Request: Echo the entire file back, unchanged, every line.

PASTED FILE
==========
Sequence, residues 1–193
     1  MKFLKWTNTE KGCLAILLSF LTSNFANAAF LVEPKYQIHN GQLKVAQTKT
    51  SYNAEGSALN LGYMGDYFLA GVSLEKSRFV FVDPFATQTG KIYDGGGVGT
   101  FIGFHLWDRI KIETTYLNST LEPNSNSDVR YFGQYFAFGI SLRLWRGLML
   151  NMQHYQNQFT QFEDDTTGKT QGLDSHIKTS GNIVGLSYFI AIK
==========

Sequence, residues 1–193
     1  MKFLKWTNTE KGCLAILLSF LTSNFANAAF LVEPKYQIHN GQLKVAQTKT
    51  SYNAEGSALN LGYMGDYFLA GVSLEKSRFV FVDPFATQTG KIYDGGGVGT
   101  FIGFHLWDRI KIETTYLNST LEPNSNSDVR YFGQYFAFGI SLRLWRGLML
   151  NMQHYQNQFT QFEDDTTGKT QGLDSHIKTS GNIVGLSYFI AIK